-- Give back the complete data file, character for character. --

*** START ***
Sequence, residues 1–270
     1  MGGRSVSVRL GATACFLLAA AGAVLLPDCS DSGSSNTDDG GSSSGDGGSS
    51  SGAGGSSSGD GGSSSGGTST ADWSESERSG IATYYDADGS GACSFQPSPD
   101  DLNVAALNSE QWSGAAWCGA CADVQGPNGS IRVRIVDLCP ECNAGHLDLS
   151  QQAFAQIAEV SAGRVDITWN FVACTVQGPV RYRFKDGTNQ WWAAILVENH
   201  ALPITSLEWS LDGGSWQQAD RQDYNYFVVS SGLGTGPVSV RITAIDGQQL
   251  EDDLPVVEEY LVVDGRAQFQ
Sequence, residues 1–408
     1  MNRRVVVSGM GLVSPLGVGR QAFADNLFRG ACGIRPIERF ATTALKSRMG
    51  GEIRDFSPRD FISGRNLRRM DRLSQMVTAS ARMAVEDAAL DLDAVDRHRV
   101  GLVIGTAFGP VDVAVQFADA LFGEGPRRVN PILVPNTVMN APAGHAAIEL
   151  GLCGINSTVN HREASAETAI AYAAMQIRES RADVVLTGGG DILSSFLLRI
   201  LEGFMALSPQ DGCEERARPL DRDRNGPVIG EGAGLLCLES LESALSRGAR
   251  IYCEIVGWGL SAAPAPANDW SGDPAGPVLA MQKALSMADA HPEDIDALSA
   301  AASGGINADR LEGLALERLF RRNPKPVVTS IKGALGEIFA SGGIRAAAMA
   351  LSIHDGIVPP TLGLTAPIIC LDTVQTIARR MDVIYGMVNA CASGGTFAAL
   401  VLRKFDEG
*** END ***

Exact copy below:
Sequence, residues 1–270
     1  MGGRSVSVRL GATACFLLAA AGAVLLPDCS DSGSSNTDDG GSSSGDGGSS
    51  SGAGGSSSGD GGSSSGGTST ADWSESERSG IATYYDADGS GACSFQPSPD
   101  DLNVAALNSE QWSGAAWCGA CADVQGPNGS IRVRIVDLCP ECNAGHLDLS
   151  QQAFAQIAEV SAGRVDITWN FVACTVQGPV RYRFKDGTNQ WWAAILVENH
   201  ALPITSLEWS LDGGSWQQAD RQDYNYFVVS SGLGTGPVSV RITAIDGQQL
   251  EDDLPVVEEY LVVDGRAQFQ
Sequence, residues 1–408
     1  MNRRVVVSGM GLVSPLGVGR QAFADNLFRG ACGIRPIERF ATTALKSRMG
    51  GEIRDFSPRD FISGRNLRRM DRLSQMVTAS ARMAVEDAAL DLDAVDRHRV
   101  GLVIGTAFGP VDVAVQFADA LFGEGPRRVN PILVPNTVMN APAGHAAIEL
   151  GLCGINSTVN HREASAETAI AYAAMQIRES RADVVLTGGG DILSSFLLRI
   201  LEGFMALSPQ DGCEERARPL DRDRNGPVIG EGAGLLCLES LESALSRGAR
   251  IYCEIVGWGL SAAPAPANDW SGDPAGPVLA MQKALSMADA HPEDIDALSA
   301  AASGGINADR LEGLALERLF RRNPKPVVTS IKGALGEIFA SGGIRAAAMA
   351  LSIHDGIVPP TLGLTAPIIC LDTVQTIARR MDVIYGMVNA CASGGTFAAL
   401  VLRKFDEG